Ramblings and Such From Hunting Coyote

74honker

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I too have seen this and actually just yesterday. 2 does were running a single coyote hard. I also agree that it must be the protective mom thing. In the fall and winter our deer will usually freak out and run away from them at first sight.
 

Straight Shooter

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I previously wrote about this incident last fall. Was calling a big coulee and had two does and a buck stand up about 500 yards away. They started moving my way and I thought, oh no, just what I need. As they got closer they went behind a little knoll, so I gave a short chirp just to let them know I was on the other side of the knoll. A doe walked to the top of the knoll and looked down at my caller. She walked down right towards it even though it wasn't turned on. She was about 5 yards away and I was going to give a blast from the caller and see how she would react. All of a sudden her ears came forward and she charged right past the caller. A coyote had come in from behind me and she was after him. I looked to my right and here is this coyote running right at me with the doe hot on its tail. Ran right by me at 5 yards like its tail was on fire back down the coulee. Happened so fast I never even got my gun up.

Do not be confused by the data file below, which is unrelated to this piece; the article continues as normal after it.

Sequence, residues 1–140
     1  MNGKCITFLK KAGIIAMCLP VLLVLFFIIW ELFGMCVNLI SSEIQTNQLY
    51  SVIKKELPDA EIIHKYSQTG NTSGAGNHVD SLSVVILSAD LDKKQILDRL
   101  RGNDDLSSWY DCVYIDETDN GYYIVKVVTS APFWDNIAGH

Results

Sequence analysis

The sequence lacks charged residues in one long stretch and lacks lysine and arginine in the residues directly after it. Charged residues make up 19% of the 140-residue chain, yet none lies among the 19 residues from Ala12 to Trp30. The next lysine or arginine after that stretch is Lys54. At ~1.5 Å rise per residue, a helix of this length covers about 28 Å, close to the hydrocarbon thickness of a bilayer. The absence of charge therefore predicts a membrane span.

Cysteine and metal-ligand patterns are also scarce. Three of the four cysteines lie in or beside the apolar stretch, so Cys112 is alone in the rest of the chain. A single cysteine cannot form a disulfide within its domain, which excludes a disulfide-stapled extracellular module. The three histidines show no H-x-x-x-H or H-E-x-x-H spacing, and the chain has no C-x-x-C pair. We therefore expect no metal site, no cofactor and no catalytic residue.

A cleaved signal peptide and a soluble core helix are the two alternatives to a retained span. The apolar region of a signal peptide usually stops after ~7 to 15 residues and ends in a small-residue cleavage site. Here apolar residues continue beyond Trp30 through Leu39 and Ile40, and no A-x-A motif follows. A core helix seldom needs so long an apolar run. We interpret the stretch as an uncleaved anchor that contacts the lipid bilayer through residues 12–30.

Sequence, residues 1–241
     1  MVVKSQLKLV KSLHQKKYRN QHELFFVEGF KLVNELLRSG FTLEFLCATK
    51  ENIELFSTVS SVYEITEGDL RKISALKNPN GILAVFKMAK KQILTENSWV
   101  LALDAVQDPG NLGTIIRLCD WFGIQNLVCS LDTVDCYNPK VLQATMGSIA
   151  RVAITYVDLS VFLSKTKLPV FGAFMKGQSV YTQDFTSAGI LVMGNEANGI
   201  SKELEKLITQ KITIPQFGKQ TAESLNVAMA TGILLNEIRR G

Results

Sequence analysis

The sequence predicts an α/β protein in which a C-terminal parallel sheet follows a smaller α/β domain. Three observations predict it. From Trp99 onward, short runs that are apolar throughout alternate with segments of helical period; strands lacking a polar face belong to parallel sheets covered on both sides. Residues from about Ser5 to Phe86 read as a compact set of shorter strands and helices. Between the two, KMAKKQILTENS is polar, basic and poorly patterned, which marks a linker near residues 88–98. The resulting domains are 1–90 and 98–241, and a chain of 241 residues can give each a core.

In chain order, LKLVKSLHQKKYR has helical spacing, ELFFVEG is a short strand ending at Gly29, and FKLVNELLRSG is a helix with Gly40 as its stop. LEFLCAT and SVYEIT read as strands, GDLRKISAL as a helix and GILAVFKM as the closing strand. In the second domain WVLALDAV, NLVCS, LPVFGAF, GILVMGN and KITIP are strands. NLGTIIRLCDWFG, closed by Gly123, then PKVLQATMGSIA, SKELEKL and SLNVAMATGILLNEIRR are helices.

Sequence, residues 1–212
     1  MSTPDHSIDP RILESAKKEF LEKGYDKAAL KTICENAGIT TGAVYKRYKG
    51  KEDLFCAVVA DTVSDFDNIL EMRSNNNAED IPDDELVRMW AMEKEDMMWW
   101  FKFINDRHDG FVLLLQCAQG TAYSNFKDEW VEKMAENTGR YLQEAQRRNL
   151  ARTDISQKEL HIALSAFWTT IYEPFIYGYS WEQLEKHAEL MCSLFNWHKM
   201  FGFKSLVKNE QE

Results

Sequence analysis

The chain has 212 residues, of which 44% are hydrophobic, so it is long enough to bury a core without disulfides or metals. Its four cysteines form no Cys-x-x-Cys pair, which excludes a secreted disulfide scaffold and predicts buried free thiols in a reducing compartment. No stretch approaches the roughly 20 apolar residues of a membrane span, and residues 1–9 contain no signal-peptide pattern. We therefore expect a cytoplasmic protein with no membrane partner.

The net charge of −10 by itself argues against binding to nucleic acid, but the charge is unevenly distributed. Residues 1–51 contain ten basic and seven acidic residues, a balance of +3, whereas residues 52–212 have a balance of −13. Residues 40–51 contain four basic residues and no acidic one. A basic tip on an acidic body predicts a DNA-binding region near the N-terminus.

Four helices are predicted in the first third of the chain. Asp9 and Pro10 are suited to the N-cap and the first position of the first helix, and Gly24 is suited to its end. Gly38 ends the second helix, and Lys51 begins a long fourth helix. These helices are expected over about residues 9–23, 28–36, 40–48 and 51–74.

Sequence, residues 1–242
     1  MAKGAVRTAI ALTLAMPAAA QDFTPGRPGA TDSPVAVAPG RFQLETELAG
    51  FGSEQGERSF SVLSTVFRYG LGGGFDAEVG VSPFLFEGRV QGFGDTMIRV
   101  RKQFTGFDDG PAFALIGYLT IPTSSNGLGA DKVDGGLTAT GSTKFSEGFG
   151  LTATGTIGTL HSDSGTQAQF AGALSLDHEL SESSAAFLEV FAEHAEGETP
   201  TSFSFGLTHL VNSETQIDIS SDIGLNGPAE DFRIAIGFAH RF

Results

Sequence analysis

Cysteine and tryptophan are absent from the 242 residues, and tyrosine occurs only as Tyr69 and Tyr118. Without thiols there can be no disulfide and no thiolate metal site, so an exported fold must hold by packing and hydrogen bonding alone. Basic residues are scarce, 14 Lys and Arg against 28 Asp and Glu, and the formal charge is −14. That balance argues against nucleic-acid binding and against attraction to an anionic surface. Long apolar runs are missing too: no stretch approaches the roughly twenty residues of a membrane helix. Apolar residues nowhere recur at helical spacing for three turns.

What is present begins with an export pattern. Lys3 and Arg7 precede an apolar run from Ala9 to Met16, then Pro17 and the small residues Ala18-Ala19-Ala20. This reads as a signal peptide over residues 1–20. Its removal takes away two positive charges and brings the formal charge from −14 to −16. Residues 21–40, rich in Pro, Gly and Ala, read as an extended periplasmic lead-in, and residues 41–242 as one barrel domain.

DSheetz